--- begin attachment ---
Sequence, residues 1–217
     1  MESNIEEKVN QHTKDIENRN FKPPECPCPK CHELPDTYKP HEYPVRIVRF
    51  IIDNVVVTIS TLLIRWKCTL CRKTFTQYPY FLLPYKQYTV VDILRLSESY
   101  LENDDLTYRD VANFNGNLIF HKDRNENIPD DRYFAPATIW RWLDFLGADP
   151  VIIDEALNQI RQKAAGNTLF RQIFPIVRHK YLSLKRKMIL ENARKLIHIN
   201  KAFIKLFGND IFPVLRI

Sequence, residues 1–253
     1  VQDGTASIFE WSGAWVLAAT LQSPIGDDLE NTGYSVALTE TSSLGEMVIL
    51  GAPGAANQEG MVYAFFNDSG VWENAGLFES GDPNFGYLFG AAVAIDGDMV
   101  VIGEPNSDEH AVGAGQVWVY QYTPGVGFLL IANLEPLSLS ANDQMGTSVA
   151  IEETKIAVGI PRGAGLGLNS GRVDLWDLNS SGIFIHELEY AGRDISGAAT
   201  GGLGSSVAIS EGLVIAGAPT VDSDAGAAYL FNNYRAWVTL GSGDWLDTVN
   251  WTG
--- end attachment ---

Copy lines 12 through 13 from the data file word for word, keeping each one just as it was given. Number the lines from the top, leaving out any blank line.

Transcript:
   201  GGLGSSVAIS EGLVIAGAPT VDSDAGAAYL FNNYRAWVTL GSGDWLDTVN
   251  WTG